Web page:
NOI is a property’s annual revenue reduced by its annual operating expenses (essentially all expenses except for loan payments and income taxes).
If we rearrange the cap rate formula above, we get:
NOI ÷ Cap Rate = Valuation
and that means...
Δ NOI ÷ Cap Rate = Δ Valuation
where Δ means "change in."
Let's illustrate the concept with an example. Suppose we have a 100-unit apartment building and we believe we can raise rents by $50 per month if we upgrade each unit at a cost of $7,000. The cap rate for our type of property in this market is 5.00%. As shown below, our $700,000 investment in unit upgrades adds $1,200,000 to the property's value.
Although Buyer A made more money than Buyer B in absolute terms ($22,000 v. $14,300), Buyer B made a higher return (23.83% v. 11.00%) and had $140,000 of additional capital to invest in other opportunities.
Inflation's impact on investment performance and on the economy as a whole is extraordinarily complex; however, apartment rents and property values tend to rise with inflation. Rising home prices make buying a home less affordable and therefore push more people into renting. As demand for apartments increases, so do rents. Further, as property owners' expenses such as taxes, insurance, and maintenance rise with inflation, they often pass those rising costs on to tenants in the form of higher rent.
On the other hand, during some of the worst periods of inflation in the United States stock market returns net of inflation were devastated, as shown in the following graph.
Portfolio diversification aims to minimize losses by investing across various financial instruments, industries, and asset classes that would each react differently to the same event, meaning they have little correlation to each other. It is probably the most important component of investment management to reach long-term financial goals while reducing risk. The low, long-term correlation between real estate and the stock market, depicted by the graph below, helps investors smooth out returns and reduce risk.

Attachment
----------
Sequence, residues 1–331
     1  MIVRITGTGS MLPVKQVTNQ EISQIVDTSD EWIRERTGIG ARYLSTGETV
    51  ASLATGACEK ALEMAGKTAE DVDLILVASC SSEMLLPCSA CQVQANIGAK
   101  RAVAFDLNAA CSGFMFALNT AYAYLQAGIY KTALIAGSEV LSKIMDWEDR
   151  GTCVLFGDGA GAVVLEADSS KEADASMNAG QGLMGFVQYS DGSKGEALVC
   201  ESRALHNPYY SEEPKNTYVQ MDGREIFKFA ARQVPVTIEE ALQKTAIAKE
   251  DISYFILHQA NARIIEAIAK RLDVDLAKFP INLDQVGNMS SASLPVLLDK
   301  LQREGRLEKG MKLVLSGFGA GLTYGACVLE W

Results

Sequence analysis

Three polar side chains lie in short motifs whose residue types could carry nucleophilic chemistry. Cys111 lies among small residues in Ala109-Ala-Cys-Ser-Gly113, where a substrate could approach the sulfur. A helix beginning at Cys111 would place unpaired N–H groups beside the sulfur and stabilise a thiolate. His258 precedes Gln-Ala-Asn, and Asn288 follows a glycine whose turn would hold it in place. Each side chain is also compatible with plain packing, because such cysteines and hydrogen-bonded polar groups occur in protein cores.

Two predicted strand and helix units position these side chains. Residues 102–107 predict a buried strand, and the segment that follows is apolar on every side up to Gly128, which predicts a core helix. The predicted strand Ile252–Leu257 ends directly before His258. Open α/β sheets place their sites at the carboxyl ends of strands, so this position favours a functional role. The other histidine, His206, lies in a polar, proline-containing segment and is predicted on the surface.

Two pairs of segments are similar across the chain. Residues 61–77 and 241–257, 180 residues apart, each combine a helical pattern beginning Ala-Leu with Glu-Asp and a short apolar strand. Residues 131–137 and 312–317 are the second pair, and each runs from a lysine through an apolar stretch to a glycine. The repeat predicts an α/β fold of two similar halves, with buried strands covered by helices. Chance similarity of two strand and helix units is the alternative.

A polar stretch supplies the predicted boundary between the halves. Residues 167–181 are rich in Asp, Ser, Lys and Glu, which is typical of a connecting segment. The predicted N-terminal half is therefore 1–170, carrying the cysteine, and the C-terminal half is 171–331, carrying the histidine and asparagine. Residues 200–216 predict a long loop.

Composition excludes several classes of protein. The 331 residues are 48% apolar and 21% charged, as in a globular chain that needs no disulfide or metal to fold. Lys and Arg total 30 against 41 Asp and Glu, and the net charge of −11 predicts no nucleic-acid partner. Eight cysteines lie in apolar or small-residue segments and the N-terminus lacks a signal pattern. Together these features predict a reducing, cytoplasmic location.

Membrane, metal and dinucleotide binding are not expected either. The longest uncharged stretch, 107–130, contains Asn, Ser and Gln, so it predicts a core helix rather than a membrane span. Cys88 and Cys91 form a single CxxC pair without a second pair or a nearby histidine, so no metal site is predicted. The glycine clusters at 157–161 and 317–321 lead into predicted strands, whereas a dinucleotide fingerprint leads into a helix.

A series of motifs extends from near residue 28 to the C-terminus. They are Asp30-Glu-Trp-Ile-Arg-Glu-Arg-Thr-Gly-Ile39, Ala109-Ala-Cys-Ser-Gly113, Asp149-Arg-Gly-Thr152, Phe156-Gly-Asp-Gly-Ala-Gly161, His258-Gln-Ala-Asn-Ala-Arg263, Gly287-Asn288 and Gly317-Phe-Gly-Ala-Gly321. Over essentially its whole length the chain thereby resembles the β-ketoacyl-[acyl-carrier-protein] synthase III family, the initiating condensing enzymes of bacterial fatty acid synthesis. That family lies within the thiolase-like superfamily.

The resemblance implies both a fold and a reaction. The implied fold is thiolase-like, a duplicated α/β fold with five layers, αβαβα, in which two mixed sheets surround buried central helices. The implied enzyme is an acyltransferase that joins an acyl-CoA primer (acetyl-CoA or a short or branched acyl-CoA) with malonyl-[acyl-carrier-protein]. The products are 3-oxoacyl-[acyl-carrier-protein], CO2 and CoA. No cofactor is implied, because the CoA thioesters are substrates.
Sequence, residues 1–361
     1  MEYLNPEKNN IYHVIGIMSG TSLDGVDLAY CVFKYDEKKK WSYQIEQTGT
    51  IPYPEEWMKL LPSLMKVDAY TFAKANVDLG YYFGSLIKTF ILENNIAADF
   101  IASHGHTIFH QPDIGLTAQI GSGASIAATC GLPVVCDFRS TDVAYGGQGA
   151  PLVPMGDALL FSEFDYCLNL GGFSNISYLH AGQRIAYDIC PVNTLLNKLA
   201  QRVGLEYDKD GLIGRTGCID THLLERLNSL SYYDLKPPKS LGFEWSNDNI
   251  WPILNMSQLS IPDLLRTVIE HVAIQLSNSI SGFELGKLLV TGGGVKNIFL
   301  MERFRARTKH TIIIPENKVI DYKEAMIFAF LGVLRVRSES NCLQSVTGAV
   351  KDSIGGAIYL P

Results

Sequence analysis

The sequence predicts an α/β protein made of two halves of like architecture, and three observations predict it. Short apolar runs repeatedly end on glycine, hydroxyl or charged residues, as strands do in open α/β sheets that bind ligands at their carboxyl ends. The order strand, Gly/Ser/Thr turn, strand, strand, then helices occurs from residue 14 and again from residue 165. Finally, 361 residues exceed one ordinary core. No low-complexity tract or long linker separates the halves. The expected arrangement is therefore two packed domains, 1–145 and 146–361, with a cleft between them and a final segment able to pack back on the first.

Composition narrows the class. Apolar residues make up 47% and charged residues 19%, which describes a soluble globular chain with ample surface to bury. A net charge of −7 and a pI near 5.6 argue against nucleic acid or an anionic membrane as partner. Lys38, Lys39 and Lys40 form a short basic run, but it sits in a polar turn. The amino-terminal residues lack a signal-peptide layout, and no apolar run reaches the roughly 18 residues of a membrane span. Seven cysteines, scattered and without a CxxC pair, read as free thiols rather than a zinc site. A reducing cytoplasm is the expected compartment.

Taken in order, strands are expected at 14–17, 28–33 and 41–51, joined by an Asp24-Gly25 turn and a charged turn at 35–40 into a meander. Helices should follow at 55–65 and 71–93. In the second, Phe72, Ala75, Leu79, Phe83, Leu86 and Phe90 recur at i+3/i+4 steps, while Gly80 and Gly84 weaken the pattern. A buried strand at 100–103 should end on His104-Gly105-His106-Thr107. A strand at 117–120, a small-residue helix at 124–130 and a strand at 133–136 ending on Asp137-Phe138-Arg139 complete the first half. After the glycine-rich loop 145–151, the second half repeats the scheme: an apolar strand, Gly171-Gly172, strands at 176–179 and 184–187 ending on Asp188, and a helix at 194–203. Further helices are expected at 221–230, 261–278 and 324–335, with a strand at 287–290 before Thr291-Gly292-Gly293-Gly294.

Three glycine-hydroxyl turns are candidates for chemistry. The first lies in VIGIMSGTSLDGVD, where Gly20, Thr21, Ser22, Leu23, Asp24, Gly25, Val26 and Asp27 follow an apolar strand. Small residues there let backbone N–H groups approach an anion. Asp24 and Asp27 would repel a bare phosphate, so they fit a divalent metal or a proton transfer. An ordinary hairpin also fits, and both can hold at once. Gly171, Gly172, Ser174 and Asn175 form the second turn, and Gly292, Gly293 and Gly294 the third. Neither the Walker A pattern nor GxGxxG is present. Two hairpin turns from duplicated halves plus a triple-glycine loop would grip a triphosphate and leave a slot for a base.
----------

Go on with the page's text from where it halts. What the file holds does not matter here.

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All examples presented above are fictional and the results presented are used only to demonstrate the ideas conveyed in this article and are not guaranteed.
"Tax Cuts and Jobs Act, Provision 11011 Section 199A - Qualified Business Income Deduction FAQs" from https://www.irs.gov/newsroom/tax-cuts-and-jobs-act-provision-11011-section-199a-qualified-business-income-deduction-faqs
"What Is Bonus Depreciation? Definition and How It Works" by Julia Kagan, from https://www.investopedia.com/terms/b/bonusdepreciation.asp#:~:text=Bonus%20depreciation%20is%20a%20tax,additional%20first%2Dyear%20depreciation%20deduction, updated 9/21/2022
"What Is the Pass-Through Tax Deduction?" by The Ascent Staff, from https://www.fool.com/the-ascent/taxes/what-is-the-pass-through-tax-deduction/, updated 3/17/2022
"“The Role of Commercial Real Estate in a Multi-Asset Portfolio” by Jeffrey D. Fisher, Ph. D. and C. F. Sirmans. Jeffrey D. Fisher is a Professor Emeritus of Real Estate at the Indiana University Kelley School of Business.
“Real Estate: Surprising King of Noncorrelated Assets” from investmentnews.com, 1/6/2012
June 2021 – May 2022: S&P 500 return from Yahoo! Finance and inflation from Trading Economics; other periods from http://www.moneychimp.com/features/market_cagr.htm
Annual Performance of REITS v. The S&P 500 data from Yahoo! Finance